The publication last year of The Oxford Companion to Twentieth-Century Poetry in English was greeted with a degree of scepticism in some quarters. The inclusion of so many unpronounceable foreign names was seen as further evidence of the relentless march of political correctness. Even the more favourably disposed reviewers were apt to focus attention on predictably familiar names, merely commenting on the presence, in Hamilton's Companion, of a number of Commonwealth poets. This persistence of divided and distinguished worlds in the republic of English letters accounts for the separate bibliographical space, generally called "Post-colonial", designed to give critical prominence to what until recently has been treated as marginalia.
Like most literary terminology, "Post-colonial" is both imprecise and ambiguous. On one level, this is comparatively unimportant. Any reference tool that so admirably widens the scope of available information on writers and writing will be welcome to the student of literature. But the manufacturer of so vast and undiscriminating a category can also unintentionally perpetuate the cultural apartheid it seeks to remedy. Of course, Eugene Benson, L. W. Conolly and most of the 574 scholars who have contributed to this work are already acutely aware of the ambiguous nature of their enterprise. In the brief introduction, the editors admit that "it has always proven difficult to find completely satisfactory nomenclature that would accommodate, for example, the literatures of such diverse countries as Canada, Nigeria, Sri Lanka and New Zealand". At the same time, they fail to ask the more radical question as to why the discovery of a single term should be felt necessary.
It is possible to detect at least four contending and overlapping definitions of "Post-colonial Literatures'' at work in the encyclopaedia. The unattributed description on the back covers of both volumes assumes that, like Caesar's Gaul, English literature can be divided into three parts: English, American and Post-colonial. This arrangement conflicts with the strikingly catholic definition provided by Benson and Conolly in their introduction. Here we learn that the term "post-colonial" is used "to cover all the culture affected by the imperial process from the moment of colonisation to the present day". Aware that such a definition would create the expectation of finding English, Irish, Scottish, Welsh and United States writers in the encyclopaedia, the editors explain these literatures' absence on the pragmatic grounds of their adequate documentation in other works of reference. While this broader definition avoids the uncomfortably neo-colonial implications of the tripartite approach (with Canada being excluded from America and Ireland, Scotland and Wales being subordinated to England) one wonders when the "imperial process'' is held to commence. We are, after all, five centuries away from the year John Cabot set sail for Newfoundland.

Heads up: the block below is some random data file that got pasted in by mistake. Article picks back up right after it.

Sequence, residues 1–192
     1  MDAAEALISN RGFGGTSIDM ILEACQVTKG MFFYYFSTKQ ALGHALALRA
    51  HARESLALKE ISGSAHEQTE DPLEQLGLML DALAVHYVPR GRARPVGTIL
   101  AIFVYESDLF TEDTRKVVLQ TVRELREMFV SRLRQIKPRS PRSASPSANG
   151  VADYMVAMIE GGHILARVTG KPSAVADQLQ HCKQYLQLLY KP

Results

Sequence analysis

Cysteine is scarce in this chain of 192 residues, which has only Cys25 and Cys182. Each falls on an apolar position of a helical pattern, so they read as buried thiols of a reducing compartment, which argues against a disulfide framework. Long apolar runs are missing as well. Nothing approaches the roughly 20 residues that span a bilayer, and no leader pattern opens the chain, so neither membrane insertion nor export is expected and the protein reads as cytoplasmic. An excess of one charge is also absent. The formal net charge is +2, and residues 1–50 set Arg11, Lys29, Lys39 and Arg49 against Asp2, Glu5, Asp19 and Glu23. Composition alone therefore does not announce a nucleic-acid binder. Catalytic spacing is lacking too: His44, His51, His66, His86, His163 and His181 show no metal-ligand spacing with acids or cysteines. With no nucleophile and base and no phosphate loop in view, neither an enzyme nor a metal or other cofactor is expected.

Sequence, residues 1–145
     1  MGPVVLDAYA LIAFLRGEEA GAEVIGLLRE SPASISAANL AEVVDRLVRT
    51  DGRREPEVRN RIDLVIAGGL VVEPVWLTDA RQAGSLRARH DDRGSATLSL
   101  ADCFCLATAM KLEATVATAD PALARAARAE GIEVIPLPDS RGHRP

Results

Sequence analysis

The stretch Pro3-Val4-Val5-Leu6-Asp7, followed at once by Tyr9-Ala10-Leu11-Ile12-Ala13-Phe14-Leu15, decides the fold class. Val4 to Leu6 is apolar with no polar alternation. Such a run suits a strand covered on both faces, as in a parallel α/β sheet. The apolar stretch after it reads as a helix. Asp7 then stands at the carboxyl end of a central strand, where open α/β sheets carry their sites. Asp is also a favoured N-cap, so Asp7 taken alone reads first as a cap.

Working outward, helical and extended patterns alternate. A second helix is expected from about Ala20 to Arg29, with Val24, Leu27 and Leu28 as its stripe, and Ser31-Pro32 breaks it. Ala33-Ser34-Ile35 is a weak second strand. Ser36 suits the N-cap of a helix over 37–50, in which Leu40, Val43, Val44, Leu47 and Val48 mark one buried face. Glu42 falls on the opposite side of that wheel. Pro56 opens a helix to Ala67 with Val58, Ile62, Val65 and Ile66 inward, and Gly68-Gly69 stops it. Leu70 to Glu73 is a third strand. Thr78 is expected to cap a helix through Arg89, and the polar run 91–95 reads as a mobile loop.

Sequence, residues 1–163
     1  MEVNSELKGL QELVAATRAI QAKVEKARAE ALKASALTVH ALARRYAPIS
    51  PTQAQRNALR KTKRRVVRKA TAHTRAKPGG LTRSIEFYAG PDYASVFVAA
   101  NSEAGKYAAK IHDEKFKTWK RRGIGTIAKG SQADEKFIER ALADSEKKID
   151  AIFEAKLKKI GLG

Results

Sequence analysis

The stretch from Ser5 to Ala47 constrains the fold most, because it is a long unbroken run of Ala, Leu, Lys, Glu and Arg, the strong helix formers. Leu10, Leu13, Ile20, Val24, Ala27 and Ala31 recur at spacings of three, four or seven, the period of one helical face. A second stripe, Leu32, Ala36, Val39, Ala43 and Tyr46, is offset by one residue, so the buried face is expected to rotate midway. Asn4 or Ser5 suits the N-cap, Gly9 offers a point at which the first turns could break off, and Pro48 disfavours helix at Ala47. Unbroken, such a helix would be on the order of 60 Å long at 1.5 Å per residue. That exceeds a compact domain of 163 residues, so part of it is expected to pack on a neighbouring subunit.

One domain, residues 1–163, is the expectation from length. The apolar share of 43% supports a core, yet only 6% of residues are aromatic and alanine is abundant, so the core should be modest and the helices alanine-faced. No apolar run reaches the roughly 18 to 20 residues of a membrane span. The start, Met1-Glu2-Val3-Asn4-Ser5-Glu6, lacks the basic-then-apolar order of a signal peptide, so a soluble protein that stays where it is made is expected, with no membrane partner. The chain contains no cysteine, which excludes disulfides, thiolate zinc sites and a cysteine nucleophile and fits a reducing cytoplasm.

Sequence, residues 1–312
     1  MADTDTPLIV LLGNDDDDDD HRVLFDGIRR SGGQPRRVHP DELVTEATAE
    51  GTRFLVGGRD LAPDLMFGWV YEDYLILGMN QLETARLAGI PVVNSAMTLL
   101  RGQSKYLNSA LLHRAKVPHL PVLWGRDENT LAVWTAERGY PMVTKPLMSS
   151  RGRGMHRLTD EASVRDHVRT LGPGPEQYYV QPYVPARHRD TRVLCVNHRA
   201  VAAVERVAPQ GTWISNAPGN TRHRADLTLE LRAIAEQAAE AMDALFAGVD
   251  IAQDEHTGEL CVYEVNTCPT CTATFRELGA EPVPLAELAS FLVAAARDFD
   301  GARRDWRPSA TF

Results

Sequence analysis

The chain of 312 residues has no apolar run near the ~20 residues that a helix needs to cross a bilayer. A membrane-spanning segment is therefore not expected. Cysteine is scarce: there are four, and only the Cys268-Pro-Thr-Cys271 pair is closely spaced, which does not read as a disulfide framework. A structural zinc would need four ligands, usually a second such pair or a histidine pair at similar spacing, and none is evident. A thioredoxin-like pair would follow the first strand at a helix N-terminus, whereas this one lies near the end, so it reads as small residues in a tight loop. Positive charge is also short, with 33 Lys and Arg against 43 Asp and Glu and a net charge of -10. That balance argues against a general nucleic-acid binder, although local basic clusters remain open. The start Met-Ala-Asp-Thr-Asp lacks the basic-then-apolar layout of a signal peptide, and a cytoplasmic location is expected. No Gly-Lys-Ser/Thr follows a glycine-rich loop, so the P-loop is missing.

In Alastair Niven's incisive contribution on the Post-colonial novel, he adopts a slightly different approach. Here, the connective tissue is the way in which English language novelists have been influenced by, and responded to, the imperial process. His conspectus therefore includes English writers whose work, like that of Kipling and Forster, was engaged in the colonial encounter, as well as novelists like Achebe and Soyinka whose careers have been dominated by the transition from colony to independence. Niven deftly draws these strands together by directing attention to that growing body of post-colonial writers whose identity can no longer be described "in terms of national labels". His thematic approach suggests a useful if limited definition, but not one that could be uniformly applied to the many writers who owe their inclusion in the encyclopaedia to their nationality rather than to their concern with the imperial process.
For most of the contributors, however, "Post-colonialism" is not viewed as a strictly historical, geographical or thematic term. It is rather a strategy designed to bring into critical prominence those literatures that, for reasons associated with the imperial process, have been viewed as subordinate to the literatures of Europe and the US.